After Hours

After Hours ★★★★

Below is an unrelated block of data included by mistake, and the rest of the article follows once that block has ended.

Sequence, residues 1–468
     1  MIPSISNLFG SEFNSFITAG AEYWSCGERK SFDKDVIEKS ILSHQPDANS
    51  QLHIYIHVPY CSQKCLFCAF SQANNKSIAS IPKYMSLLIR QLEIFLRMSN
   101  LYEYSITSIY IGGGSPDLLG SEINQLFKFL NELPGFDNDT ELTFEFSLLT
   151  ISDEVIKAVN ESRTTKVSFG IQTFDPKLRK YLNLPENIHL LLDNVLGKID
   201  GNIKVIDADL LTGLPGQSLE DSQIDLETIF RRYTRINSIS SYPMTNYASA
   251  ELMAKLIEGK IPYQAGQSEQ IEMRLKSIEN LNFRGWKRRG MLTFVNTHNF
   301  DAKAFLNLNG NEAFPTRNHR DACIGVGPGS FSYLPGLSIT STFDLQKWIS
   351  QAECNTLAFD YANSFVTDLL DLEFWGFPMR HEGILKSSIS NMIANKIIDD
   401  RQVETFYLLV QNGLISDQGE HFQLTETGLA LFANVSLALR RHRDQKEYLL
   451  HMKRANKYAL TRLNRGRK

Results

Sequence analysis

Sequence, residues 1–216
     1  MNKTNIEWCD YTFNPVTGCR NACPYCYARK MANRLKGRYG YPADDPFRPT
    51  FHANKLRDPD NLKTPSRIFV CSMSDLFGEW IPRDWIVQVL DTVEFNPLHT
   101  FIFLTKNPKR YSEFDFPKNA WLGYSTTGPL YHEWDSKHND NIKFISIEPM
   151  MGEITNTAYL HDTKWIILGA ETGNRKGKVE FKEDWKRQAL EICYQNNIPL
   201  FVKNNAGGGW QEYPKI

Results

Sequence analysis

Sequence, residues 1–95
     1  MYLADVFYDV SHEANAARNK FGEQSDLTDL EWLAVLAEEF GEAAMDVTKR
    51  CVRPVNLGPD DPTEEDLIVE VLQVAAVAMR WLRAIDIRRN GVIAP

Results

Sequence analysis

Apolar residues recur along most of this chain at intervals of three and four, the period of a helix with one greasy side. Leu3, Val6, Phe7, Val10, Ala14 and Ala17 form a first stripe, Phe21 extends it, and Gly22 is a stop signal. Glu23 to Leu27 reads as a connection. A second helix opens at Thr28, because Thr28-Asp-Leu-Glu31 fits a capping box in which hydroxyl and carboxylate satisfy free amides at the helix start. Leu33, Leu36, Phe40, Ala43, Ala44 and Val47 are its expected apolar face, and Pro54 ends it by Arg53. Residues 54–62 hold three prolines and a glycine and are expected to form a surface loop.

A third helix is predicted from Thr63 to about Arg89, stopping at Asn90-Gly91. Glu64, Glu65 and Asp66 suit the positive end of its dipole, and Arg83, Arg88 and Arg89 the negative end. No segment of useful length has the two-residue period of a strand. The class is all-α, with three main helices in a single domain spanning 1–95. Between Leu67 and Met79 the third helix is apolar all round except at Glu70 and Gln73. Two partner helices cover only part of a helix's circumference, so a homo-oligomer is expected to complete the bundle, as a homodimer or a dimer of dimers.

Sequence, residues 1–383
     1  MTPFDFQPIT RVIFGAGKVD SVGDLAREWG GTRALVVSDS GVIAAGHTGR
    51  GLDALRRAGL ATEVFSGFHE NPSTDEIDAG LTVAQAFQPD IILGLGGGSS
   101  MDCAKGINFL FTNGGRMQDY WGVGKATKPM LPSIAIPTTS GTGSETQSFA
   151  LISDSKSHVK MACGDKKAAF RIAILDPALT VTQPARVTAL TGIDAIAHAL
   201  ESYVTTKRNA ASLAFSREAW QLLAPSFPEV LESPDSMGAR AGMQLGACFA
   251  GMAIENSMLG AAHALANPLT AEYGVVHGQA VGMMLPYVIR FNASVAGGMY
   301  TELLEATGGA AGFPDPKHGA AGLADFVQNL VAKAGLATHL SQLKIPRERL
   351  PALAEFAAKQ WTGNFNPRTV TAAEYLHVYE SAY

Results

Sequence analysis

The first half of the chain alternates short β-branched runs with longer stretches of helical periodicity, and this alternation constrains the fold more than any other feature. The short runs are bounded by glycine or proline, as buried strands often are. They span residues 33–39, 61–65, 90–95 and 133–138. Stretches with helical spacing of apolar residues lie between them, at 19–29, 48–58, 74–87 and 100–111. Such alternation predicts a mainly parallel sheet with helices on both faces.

Feels like Scorsese's Chunking Express, in term of how making a quick, small, on-the-fly film during the production of an important, high-budget one (Ashes of Time for Wong Kar-Wai, The Last Temptation of Christ for Scorsese) can be liberating to both the film and its director. As a result, After Hours just throbs with manic, reckless energy, with one foot still planted firmly in the real world, making the escalation both surreally hilarious and scarily plausible. The protagnoist's paranoid headspace becomes ours (I burst out loud laughing near the end; an incident at that point is a litte funny, sure, but I think my laughter is less a hilarious kind and more of a nervy, hysterical reaction), and it ends on such a perfect little clinch.

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